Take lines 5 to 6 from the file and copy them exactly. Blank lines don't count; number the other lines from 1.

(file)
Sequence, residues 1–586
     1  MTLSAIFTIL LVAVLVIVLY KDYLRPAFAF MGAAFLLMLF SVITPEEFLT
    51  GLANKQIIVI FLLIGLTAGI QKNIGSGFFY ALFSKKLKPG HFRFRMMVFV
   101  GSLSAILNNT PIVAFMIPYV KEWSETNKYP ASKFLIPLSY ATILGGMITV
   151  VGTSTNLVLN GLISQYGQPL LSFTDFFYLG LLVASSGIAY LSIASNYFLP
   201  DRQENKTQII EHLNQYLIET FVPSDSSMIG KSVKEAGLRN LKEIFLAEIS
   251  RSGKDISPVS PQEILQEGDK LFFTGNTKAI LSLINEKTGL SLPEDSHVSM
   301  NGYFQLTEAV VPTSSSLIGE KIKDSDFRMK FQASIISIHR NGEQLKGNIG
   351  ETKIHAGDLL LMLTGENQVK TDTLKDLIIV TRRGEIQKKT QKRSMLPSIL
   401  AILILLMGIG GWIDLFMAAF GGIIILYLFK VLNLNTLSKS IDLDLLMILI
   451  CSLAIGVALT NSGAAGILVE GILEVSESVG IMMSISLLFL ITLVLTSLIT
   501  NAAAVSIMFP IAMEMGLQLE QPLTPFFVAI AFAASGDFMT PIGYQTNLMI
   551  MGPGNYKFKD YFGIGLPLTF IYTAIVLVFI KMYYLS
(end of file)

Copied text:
   151  VGTSTNLVLN GLISQYGQPL LSFTDFFYLG LLVASSGIAY LSIASNYFLP
   201  DRQENKTQII EHLNQYLIET FVPSDSSMIG KSVKEAGLRN LKEIFLAEIS